“Today’s students are digital natives. Their schools are usually equipped with computers, and digital tools are an integral part of the learning environment.” This reality has become a driving force behind the U.S. Department of Education’s push to transition the National Assessment of Educational Progress (NAEP) or the Nation’s Report Card from paper and pencil to digitally based assessments (DBA). The “good” news is that DBA can assist educators in gathering information about how students use the digital tools and studying that information to improve curriculum and instruction in K-12 classrooms. But the “bad” news is that we are unclear as to what extend DBA might affect students’ test scores.
What information has been gathered by the digitally-based NAEP writing assessments?
The information collected by the computer-based NAEP writing assessment tells us how students used digital writing, editing and reviewing tools. These tools include keyboard use, Thesaurus, Spell check, and Text-to-speech. In general, students who used the digital editing and reviewing tools appropriately scored higher in the writing assessment.
As an editing tool, Thesaurus can help students enhance or improve their writing. The data show that students who accessed the thesaurus more frequently scored higher on average than those who used it less often (Figure 1).
Figure 1: Percentage of students and average scale scores for grade 8 and 12 writing, by how often students accessed the thesaurus in the NAEP writing assessment (Data source: U.S. Department of Education)
Not every digital tool that was used frequently in the NAEP writing assessment is positively correlated with the writing scores of students. As a proofreading tool, Spell checker can assist students in correcting typos and often misspelled words. Students, in both grade 8 and grade 12, who did not use or too often used the spell-check tool, scored lower than students who used the tool appropriately (i.e. engaged in the action between 1-10 times) (Figure 2).
Figure 2: Percentage of students and average scores for 8th and 12th grades writing, by how often students used the spell-check tool in the NAEP writing assessment (Image cited from the U.S. Department of Eduation)
Students who used the text-to-speech (TTS) tool more frequently scored lower on average than those who engaged in this action less frequently. In the 2011 NAEP writing assessments, students could use TTS to hear the writing prompt read aloud by a speech synthesizer program but not to write their responses. The information collected by the DBA shows that students with disabilities and students who were identified as English language learners (ELLs) were more likely to use TTS frequently (i.e. 3 times or more) during the writing assessments.
Recent research shows that TTS, a read-aloud tool being widely implemented in public schools to assist students to improve their reading comprehension skills, may assist students with reading difficulties. Yet, it is unclear how effective TTS can be in helping students, particularly students in special education or ELLs, to improve their writing skills. We found that, on average, students with disabilities or ELLs scored approximately 40 points lower than their peers without disabilities or non-ELLs across the board (Figure 3).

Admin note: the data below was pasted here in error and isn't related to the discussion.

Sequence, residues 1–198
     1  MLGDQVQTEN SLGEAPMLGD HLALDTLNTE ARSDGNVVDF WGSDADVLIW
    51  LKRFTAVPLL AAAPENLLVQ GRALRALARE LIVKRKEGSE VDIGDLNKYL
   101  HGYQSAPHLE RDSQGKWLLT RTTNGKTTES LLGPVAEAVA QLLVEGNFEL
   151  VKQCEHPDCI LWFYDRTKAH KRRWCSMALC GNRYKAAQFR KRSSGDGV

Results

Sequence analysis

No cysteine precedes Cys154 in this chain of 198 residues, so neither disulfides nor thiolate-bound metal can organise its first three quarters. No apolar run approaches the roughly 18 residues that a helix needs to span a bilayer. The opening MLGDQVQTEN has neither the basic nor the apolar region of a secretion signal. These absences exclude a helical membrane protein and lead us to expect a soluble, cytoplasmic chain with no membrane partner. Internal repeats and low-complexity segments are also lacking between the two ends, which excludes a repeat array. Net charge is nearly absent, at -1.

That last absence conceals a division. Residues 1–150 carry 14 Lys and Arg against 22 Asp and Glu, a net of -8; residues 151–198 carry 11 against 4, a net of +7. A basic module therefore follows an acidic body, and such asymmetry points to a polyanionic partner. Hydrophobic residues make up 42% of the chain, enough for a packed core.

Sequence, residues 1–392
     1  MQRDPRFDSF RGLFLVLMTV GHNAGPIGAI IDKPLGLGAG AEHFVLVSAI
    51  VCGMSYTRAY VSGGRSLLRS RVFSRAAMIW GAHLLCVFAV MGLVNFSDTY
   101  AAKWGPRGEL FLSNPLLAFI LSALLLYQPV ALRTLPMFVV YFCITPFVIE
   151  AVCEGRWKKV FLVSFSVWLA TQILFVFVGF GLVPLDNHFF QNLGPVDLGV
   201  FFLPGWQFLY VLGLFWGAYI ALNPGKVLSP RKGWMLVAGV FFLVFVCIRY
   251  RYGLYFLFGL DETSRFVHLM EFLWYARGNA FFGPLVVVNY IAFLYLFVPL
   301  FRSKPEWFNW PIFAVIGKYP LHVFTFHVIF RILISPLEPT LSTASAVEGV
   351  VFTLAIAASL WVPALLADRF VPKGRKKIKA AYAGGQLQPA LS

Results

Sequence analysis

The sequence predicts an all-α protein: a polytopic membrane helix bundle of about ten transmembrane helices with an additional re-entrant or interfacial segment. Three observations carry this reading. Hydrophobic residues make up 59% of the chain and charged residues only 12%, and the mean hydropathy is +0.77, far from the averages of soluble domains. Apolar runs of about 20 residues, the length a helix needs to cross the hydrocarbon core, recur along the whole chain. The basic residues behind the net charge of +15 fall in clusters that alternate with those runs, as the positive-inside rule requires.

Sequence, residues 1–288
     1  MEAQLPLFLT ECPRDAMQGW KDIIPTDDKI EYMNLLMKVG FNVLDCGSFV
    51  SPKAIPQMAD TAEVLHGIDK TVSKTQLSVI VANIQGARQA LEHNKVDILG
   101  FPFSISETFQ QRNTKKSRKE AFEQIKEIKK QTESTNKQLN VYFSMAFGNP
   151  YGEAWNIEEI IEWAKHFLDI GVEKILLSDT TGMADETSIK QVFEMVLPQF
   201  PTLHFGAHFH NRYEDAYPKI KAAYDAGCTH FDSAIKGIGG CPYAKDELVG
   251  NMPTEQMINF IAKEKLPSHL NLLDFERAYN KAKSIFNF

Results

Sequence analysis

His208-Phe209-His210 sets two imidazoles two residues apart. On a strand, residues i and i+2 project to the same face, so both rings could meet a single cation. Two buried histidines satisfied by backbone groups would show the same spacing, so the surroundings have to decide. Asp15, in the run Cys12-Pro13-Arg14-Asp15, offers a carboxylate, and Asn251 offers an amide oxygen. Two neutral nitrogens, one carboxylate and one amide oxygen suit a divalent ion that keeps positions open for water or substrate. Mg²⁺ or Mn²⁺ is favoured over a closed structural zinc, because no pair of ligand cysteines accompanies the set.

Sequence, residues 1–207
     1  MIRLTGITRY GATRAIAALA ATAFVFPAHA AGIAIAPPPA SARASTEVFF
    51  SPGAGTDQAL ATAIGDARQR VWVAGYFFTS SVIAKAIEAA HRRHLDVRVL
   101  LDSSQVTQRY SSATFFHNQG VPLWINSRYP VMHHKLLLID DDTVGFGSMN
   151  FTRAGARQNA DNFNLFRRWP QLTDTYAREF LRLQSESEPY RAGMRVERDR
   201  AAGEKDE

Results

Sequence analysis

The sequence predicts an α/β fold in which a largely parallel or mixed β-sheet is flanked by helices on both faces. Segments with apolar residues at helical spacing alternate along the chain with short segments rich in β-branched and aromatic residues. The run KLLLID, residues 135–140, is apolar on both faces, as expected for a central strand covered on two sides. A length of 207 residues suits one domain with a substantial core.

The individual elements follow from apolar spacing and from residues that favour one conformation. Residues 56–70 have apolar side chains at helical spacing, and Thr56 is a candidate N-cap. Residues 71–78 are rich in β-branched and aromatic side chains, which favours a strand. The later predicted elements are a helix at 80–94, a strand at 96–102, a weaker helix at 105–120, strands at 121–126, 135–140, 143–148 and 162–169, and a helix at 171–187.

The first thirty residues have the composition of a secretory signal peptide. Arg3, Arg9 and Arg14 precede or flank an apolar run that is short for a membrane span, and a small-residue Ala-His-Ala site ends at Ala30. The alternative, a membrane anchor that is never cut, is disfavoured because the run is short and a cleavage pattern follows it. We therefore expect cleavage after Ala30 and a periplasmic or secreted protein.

Figure 3: Percentage of students and average scale scores for grade 8 and 12 writing, by how often students used the text-to-speech feature for the prompt in the NAEP writing assessment: Disability status of student (including those with 504 plan), Status as English Language Learner (Data source: U.S. Department of Education)
What factors may contribute to the performance gap in digitally-based writing assessments?
In the digital age, a social context relevant to learning and assessment is the great and varied differences in access to and competence in technology among students. According to the data, students, both eighth and twelfth graders, who did not use the spell-check digital tool and also reported not having a computer at home scored the lowest in the writing assessment. In a sense, lack of access to computer may contribute to insufficient competence in using technology. By contrast, students who reported having computers at home, on average, performed better than students who reported not having computers at home.
Familiarity with digital editing tools certainly benefits students in the computer-based writing assessment. The data show that among eighth graders, the highest writing scores were achieved by students who not only used the spell-check tool properly but also reported having access to the Internet when they were taught writing. In contrast, students who did not use the spell-check tool or didn’t have access to Internet when taught to write scored the lowest. Our finding suggests that it is important for teachers to routinely demonstrate the use of online digital tools during writing instruction.
The NAEP data also reveal that some classroom practices are positively related to students’ writing scores. On average, twelfth-grade students who did writing assignments every day or almost every day scored the highest, regardless of whether they used paper or a computer. Among the eighth graders, the group that performed the best in the writing assessment were students who were asked by their teachers to frequently use spell check. These results indicate that to help students perform well in digitally-based writing assessments, teachers should give students writing assignments daily and educate students on the use of digital editing tools.
In brief, our data analysis shows that students’ access to and competence in technology matter in this digital age. Yet, what matters most is for students to practice writing every day and for teachers to instruct them in the best and appropriate use of available digital tools.